Total Recall: My Unbelievably True Life Story by Arnold Schwarzenegger
Bodybuilding was Schwarzenegger's ticket out of his native Austria, and it gave him faith it in his own powers.
(Simon & Schuster, $35)
“Let’s get the scandalous stuff out of the way, because Arnold Schwarzenegger certainly wants to,” said Janet Maslin in The New York Times. In his new memoir, the actor, former bodybuilder, and ex-governor of California offers a brief mea culpa regarding the 1996 fling he had with his housekeeper, which resulted in a secret child and eventually the end of his marriage to TV journalist Maria Shriver. He’d never messed around with the help, he says, but this housekeeper happened to find herself alone with him in the guesthouse, and, you know.... So it goes in this extended tour through the author’s long and—“as he loves pointing out”—highly lucrative career. In Arnold’s world, nothing he’s done can’t be spun as a victory.
Total Recall is, in fact, “about as far from a ‘tell-all’ memoir” as a book can get, said Mary McNamara in the Los Angeles Times. “Secrecy is just part of me,” he writes, on page 593, leaving readers to hunt on their own for clues as to what makes this man tick. The 200 pages he devotes to bodybuilding might be a tip-off: His acting career and governorship get less, and “the years he spent bending his own physiology to his will appear to be his most formative.” Bodybuilding was his ticket out of his native Austria to Hollywood and beyond, and the faith it gave him in his own powers “was—and remains—his greatest asset.”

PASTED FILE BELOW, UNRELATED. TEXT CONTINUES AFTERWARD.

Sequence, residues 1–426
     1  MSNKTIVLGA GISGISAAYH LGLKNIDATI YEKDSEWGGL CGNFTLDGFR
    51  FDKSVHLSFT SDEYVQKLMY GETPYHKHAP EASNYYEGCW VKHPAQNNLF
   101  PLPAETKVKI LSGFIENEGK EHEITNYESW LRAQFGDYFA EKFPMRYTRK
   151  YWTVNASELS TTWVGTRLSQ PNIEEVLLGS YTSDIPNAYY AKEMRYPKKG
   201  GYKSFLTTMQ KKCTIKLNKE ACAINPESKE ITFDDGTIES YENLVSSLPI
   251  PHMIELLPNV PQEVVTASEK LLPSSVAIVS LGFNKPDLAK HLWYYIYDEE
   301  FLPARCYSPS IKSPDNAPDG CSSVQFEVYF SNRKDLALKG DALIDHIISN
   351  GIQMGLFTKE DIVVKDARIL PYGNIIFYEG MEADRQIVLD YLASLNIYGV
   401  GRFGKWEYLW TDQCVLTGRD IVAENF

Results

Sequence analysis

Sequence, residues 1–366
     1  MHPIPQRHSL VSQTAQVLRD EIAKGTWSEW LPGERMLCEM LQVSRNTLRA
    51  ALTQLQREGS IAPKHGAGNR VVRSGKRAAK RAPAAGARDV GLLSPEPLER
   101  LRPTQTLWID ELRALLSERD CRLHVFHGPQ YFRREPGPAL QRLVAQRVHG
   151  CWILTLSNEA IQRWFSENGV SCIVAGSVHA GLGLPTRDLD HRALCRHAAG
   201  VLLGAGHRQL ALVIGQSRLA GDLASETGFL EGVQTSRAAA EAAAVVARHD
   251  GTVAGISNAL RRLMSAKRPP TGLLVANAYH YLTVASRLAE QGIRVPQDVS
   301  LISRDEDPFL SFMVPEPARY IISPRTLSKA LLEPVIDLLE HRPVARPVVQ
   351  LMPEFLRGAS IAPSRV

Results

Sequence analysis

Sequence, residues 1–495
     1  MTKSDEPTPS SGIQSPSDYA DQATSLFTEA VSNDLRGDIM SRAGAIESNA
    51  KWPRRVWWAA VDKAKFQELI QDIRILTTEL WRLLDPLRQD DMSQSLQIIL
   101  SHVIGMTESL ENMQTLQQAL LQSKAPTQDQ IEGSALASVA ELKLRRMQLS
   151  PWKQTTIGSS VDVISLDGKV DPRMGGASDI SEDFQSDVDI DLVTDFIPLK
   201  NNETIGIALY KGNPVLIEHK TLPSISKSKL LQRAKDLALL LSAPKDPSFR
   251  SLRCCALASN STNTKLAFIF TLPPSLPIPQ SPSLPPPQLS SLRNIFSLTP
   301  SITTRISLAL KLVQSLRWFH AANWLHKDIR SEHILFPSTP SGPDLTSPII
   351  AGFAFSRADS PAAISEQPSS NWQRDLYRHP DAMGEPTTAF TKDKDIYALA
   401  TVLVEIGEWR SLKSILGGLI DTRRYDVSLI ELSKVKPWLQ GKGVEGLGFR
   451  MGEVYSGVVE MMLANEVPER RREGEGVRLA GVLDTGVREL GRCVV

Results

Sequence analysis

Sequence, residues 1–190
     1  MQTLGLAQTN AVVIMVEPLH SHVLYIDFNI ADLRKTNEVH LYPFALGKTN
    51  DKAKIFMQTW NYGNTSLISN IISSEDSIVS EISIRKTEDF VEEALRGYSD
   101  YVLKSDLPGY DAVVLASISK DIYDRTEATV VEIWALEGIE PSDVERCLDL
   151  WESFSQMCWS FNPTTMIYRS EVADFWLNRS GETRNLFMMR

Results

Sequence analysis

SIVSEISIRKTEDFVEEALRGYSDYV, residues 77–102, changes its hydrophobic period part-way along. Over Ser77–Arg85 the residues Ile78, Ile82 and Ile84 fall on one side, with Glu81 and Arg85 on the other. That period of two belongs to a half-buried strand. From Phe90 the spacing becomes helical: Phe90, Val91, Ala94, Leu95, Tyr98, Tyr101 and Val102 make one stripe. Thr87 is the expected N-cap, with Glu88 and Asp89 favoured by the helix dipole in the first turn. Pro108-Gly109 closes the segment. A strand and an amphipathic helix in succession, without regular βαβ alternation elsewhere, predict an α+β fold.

There are a few revelations, said Vernon Loeb in The Washington Post. Discussing his two terms as governor, Schwarzenegger admits that the fight he picked with schoolteachers and state workers was “a total disaster.” And it’s worth noting in this election year that he’s still proud to have been more left-leaning than most major figures in today’s Republican party. But when he discusses his marriage to Shriver, and his deep admiration for her parents, Eunice Kennedy Shriver and Sargent Shriver, his humanity comes through most clearly. “I was luckier than I deserved to have such a wife,” Schwarzenegger writes. Reading his memoir “leaves a reader hungering for hers.”